Data loading...

Blog: “ISSF Must Now State Members Are NOT Sourcing IUU Tuna” Global, March 22, 13

On the blog of Greenpeace International, a post by Oliver Knowles titled: “The global tuna industry is increasingly an industry divided” gives the activist’s views on IUU and the position of the ISSF.
Knowles writes that he believes that “against the back drop of this growing mood for change and action, some companies are clearly stuck in the past, determined to stick with practices that are unsustainable and even, in some cases illegal. Recent allegations against Dongwon Industries that the so-called fishing licenses it has been using to fish in African waters were forged, meaning that the company had no right to fish in those waters, are a good example”.

According to Knowles, it is “of equal concern that the company implicated in these activities is affiliated with a company with membership of the International Seafood Sustainability Foundation (ISSF), the industry body supposedly working to ensure the highest standards of sustainable and ethical practice. Not only do the companies involved in this activity have questions to answer, but so too does the ISSF”.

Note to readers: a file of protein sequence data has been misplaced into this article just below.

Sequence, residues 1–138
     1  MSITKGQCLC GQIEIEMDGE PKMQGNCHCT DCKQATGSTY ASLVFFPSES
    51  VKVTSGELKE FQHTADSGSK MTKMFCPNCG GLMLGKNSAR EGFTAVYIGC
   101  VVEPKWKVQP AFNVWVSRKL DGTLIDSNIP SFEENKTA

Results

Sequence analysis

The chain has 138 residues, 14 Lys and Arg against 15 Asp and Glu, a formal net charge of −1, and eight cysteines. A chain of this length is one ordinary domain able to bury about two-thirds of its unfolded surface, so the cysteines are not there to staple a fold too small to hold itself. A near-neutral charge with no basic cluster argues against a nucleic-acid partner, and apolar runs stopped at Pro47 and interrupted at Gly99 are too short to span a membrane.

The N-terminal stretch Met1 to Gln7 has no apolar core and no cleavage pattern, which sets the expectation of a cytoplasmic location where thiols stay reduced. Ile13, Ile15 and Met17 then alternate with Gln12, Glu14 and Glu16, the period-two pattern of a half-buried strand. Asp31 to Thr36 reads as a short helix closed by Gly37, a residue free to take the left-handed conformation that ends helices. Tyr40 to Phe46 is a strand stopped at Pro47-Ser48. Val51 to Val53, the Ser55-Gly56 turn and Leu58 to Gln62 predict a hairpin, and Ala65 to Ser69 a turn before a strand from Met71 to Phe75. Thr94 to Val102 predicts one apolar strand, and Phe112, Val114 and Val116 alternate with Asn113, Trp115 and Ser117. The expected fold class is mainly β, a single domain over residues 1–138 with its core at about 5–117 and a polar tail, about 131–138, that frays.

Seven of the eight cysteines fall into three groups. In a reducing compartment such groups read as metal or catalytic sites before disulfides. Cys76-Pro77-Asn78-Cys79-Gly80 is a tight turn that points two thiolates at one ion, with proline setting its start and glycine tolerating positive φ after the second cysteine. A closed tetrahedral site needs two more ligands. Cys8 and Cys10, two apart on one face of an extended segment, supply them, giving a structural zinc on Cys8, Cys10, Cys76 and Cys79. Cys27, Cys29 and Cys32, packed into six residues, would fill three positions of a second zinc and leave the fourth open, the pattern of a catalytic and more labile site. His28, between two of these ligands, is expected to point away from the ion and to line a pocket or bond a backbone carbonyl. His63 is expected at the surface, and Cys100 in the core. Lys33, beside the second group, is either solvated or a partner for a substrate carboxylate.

Greenpeace is of the opinion that ISSF must now state categorically that all of its member companies and close affiliates are not sourcing illegally fished or sourced tuna.

In the blog post Knowles continues: “Membership of the ISSF is not an endpoint for tuna companies. Signing on the line and paying the membership fees is not the end of the journey to sustainability. Quite the opposite. It is just the start. And the ISSF must be clear that this is the case”.

Knowles ends with a positive observation: “The growing mood for change and action on sustainability in the tuna industry, demonstrated so clearly by the recent changes across the Australian market, is good news for consumers. But is also good news for the industry. Many companies now realize this, but many still do not. Anything short of operating sustainably, however, is equivalent to a long and slow suicide”.